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BMJ. 2004 Mar 20;328(7441):676.

Effectiveness of targeted falls prevention programme in subacute hospital setting: randomised controlled trial.

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  • 1University of Melbourne School of Physiotherapy, Parkville, Victoria 3052, Australia.

Abstract

OBJECTIVE:

To assess the effectiveness of a targeted, multiple intervention falls prevention programme in reducing falls and injuries related to falls in a subacute hospital.

DESIGN:

Randomised controlled trial of a targeted multiple intervention programme implemented in addition to usual care compared with usual care alone.

SETTING:

Three subacute wards in a metropolitan hospital specialising in rehabilitation and care of elderly patients.

PARTICIPANTS:

626 men and women aged 38 to 99 years (average 80 years) were recruited from consecutive admissions to subacute hospital wards.

INTERVENTION:

Falls risk alert card with information brochure, exercise programme, education programme, and hip protectors.

MAIN OUTCOME MEASURES:

Incidence rate of falls, injuries related to falls, and proportion of participants who experienced one or more falls during their stay in hospital.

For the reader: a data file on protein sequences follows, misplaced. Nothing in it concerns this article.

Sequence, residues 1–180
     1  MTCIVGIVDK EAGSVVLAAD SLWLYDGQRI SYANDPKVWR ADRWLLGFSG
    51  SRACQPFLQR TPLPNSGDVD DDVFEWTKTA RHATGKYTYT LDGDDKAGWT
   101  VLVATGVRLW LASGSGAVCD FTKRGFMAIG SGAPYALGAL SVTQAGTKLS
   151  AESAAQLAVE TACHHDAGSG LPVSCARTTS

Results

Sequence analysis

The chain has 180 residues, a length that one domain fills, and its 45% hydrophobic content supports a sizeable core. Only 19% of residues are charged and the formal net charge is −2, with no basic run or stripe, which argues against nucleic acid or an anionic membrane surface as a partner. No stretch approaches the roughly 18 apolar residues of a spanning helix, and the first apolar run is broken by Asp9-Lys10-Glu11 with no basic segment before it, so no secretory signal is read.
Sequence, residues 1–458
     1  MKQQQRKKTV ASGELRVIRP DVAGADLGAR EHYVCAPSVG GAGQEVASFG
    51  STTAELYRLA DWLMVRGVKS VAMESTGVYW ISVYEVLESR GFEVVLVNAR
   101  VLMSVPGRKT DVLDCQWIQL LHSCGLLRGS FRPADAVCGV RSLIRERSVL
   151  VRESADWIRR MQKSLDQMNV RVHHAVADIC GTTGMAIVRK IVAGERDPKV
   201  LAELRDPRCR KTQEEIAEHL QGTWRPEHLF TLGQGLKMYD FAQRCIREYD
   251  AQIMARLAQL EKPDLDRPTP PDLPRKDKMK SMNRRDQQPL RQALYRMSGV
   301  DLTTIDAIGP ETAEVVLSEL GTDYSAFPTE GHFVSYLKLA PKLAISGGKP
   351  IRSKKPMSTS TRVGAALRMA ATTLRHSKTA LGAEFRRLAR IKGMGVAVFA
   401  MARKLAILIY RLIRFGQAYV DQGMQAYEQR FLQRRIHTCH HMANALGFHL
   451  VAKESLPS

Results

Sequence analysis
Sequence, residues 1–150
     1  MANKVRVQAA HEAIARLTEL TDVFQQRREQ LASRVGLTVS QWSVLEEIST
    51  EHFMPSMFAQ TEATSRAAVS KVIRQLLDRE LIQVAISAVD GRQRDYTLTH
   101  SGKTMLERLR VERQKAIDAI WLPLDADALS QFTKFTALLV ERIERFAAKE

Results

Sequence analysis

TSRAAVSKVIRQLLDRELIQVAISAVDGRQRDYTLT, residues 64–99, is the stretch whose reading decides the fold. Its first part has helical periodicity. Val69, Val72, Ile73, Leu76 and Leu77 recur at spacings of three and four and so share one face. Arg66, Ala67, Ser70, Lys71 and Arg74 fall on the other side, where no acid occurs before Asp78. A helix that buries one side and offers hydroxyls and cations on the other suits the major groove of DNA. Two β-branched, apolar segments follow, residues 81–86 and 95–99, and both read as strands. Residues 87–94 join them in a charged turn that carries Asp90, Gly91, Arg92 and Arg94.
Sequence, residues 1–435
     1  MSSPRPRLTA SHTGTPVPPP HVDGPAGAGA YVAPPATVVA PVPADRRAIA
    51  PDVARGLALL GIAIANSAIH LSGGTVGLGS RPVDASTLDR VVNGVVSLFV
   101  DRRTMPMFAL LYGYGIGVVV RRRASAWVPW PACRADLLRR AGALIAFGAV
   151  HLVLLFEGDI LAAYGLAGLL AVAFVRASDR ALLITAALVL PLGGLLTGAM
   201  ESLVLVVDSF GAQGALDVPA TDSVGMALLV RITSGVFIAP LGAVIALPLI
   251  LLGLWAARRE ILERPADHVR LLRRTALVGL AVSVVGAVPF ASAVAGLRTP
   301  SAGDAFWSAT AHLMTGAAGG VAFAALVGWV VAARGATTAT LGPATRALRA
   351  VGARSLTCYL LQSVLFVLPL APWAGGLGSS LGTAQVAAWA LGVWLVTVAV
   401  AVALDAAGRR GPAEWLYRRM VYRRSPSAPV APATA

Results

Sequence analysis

RESULTS:

Participants in the intervention group (n = 310) experienced 30% fewer falls than participants in the control group (n = 316). This difference was significant (Peto log rank test P = 0.045) and was most obvious after 45 days of observation. In the intervention group there was a trend for a reduction in the proportion of participants who experienced falls (relative risk 0.78, 95% confidence interval 0.56 to 1.06) and 28% fewer falls resulted in injury (log rank test P = 0.20).

CONCLUSIONS:

A targeted multiple intervention falls prevention programme reduces the incidence of falls in the subacute hospital setting.

Comment in

PMID:
15031238
[PubMed - indexed for MEDLINE]
PMCID:
PMC381222
Free PMC Article

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